So, if you’ve any thoughts on what you’d like to see in online office hours from your instructional technology coordinators, we’d love to hear them.  Please respond in the comments with your ideas.  If we get enough of a response, we’ll get started with something right after Spring Break.

Looking forward to your ideas.  Thanks.

DLC’s Teacher Research – Time to Share

For most of the last year, the 1st Cohort of the Digital Learning Collaborative has been working to better understand the technology in their classrooms and the impact it’s having on student learning.  We’ve been using a teacher research frame to do that.  With help from our friends in the Colorado State University Writing Project, we’ve been working thoughtfully and systematically through the inquiry cycle.

We began by digging into our wonderings about our classrooms, student learning, and technology.  We then collected data to help us better understand those questions and to think about possible answers to them.  Then, we moved into a deeper look at that data to see what it was able to tell us.  Along the way, many of us have shared our Works in Progress with each other as a way of deepening our understanding.  And now, it’s time for the last step of that process.  It’s time to share what we’ve learned.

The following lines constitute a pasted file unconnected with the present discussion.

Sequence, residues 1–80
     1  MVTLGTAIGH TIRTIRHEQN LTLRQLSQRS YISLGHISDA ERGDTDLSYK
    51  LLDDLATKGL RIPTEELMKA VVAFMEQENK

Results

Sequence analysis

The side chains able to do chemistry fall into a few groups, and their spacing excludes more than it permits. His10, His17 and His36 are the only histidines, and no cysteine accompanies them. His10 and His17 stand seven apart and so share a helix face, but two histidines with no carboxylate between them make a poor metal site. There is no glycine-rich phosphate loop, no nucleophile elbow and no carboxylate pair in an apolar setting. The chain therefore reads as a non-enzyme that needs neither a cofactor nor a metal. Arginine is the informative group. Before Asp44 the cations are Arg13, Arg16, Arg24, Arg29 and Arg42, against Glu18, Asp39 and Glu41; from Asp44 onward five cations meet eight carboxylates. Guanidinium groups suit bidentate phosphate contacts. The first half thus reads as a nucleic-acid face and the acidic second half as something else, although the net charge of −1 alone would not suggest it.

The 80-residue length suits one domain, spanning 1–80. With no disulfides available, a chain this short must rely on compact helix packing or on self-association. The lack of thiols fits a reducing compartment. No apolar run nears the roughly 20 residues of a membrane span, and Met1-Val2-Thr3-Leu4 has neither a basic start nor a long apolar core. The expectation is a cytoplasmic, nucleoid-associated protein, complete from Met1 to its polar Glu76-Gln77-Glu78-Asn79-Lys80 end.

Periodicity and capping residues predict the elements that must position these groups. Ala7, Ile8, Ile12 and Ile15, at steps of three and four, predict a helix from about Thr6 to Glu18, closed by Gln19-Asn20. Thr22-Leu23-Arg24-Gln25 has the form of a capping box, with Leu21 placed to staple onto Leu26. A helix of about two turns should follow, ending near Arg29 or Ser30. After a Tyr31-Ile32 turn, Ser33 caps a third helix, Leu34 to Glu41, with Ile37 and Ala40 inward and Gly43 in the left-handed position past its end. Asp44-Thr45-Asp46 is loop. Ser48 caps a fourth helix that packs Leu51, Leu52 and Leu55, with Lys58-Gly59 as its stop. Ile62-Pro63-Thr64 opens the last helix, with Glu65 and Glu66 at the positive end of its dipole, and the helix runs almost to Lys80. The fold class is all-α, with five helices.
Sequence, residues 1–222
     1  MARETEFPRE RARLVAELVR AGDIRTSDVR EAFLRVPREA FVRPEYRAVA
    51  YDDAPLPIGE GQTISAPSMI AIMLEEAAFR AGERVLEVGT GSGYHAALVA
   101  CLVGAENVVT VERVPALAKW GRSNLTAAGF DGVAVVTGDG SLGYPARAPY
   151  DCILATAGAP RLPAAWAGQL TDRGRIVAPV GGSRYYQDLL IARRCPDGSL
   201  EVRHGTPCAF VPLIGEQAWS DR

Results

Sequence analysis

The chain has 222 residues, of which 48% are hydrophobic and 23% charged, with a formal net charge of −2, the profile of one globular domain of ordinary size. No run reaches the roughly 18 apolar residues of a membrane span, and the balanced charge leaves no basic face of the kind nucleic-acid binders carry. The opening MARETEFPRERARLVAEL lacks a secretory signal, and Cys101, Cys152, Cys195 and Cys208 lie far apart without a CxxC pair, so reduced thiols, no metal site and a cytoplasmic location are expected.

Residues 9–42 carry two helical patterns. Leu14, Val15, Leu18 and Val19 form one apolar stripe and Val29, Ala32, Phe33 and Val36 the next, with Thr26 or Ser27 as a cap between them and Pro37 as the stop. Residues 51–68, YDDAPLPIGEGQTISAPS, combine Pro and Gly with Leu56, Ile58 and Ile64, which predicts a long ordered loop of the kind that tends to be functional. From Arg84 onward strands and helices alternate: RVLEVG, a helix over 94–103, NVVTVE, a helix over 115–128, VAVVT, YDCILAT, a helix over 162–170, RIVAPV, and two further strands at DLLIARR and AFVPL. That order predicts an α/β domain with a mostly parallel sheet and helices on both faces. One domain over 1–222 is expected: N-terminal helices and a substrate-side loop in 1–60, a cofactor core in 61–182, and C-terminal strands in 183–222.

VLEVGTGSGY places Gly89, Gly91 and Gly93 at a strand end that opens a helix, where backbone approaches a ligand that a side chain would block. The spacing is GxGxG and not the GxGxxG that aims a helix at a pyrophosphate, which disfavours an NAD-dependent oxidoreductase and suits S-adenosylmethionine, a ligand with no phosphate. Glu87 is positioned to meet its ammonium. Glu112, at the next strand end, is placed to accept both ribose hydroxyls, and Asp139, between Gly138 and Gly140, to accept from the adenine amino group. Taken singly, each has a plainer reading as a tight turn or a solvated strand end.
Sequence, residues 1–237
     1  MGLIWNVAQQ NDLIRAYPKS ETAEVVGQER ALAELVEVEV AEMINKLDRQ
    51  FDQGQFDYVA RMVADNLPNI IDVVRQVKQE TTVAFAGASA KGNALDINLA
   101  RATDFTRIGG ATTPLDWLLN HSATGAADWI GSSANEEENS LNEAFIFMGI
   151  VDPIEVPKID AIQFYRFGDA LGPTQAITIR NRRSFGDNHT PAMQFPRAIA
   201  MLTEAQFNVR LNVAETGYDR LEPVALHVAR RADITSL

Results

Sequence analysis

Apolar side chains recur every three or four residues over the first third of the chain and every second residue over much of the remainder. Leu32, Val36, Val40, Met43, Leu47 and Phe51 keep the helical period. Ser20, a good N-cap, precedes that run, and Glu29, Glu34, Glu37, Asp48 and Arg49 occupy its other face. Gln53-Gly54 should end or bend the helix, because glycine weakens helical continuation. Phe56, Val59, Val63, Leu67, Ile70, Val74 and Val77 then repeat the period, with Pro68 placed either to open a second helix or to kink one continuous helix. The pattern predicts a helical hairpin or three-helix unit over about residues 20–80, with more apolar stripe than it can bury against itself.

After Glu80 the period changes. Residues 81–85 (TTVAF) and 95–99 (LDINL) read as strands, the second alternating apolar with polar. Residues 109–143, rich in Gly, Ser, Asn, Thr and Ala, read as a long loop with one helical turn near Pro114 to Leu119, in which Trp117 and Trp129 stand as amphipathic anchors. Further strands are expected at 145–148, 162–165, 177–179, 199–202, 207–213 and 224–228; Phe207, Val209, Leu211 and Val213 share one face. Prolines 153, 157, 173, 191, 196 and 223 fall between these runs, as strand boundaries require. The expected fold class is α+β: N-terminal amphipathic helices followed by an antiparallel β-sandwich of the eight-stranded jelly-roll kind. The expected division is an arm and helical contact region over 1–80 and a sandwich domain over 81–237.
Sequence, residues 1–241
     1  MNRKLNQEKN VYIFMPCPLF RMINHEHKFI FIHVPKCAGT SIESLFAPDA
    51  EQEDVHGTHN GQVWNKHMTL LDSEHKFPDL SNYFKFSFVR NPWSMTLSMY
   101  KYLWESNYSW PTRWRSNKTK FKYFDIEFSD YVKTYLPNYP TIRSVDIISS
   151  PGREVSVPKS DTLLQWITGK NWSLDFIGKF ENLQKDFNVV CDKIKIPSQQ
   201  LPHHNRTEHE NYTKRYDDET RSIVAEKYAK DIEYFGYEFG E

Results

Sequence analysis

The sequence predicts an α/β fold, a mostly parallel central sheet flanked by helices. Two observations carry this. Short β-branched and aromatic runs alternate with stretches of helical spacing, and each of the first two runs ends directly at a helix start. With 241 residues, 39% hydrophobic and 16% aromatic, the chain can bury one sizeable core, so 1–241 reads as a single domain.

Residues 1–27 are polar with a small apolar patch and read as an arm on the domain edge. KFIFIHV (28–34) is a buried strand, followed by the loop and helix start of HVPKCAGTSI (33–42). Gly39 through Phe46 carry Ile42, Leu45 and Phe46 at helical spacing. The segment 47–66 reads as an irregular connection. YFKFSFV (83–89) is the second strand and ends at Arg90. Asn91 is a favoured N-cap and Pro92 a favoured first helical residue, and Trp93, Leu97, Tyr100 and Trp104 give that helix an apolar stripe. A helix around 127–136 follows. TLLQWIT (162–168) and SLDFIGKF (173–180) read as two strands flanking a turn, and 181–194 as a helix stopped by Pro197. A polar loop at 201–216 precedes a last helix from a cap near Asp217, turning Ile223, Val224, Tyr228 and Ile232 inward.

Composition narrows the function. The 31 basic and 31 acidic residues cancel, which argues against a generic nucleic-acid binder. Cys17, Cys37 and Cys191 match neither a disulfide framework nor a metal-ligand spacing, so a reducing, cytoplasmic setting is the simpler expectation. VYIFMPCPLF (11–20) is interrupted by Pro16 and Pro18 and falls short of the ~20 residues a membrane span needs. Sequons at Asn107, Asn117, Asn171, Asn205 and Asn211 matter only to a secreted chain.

That’s going to happen here in St. Vrain in two different, but equally important ways.  First, we’re going to write about what we’ve learned.  Then we’re going to get together to share and celebrate our learning.

In order to provide a consistent frame for our discoveries, process and learning, we’ve created a template document that, according to our team leaders, will be a useful way to map out our work.1

By the end of April, we will have a collection of all of the research reports from our Cohort 1 DLC teams and members.  We hope the stories told in them can be useful to others engaged in trying to teach and learn differently.

Then, on May 27th, we will have a district wide share fair to share out what we’ve learned.  Over the summer, we’ll engage a few interested groups in a process of further writing and dissemination.  More on the share fair and the dissemination retreats soon. If you’ve an interest in sharing your learning at the Share Fair, please submit a conversation proposal. If you want to come and learn with us, please save the date.  We’ll be sharing more about the Share Fair soon, and would love to have you join us.  We believe credit will be available for in-district folks.

How are you sharing the thoughtful work you’re doing to improve teaching and learning?  How might we be sharing more thoughtfully?

  1. St. Vrain DLC folks – you can find this as a template in the St. Vrain Docs template gallery.  Create a new document from a template to find “Report on Teacher Research in the Digital Learning Collaborative.”  The instructions for completion are embedded in the document.  Non-St. Vrain readers – the link here is to a copy of that template.  Feel free to take a look and to adapt this to your own work.  This document is informed by our work with the CSUWP as well as by work done by Joe Morlock and his colleagues in the Canby School District in Oregon. []